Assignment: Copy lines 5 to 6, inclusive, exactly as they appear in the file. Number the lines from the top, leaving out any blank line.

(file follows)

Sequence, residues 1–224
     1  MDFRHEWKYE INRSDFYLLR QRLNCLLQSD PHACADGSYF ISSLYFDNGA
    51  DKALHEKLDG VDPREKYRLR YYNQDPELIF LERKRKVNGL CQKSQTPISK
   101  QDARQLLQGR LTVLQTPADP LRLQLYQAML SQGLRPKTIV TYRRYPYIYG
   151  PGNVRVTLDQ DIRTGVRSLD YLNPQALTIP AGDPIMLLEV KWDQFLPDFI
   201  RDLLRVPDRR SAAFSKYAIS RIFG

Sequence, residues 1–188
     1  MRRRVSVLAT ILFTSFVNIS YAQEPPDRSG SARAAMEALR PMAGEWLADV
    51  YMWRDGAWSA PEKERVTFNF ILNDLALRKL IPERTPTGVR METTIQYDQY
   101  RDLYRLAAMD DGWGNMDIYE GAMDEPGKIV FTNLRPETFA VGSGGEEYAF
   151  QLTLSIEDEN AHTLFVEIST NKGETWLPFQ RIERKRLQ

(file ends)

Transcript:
   151  PGNVRVTLDQ DIRTGVRSLD YLNPQALTIP AGDPIMLLEV KWDQFLPDFI
   201  RDLLRVPDRR SAAFSKYAIS RIFG